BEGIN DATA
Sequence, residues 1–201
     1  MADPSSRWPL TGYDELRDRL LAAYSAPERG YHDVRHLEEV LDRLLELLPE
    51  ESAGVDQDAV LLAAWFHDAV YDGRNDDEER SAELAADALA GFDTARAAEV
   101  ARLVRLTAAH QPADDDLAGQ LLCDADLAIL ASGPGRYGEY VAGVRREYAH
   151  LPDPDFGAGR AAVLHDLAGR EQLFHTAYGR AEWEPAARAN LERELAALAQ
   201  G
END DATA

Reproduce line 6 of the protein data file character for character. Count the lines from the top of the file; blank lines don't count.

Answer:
   201  G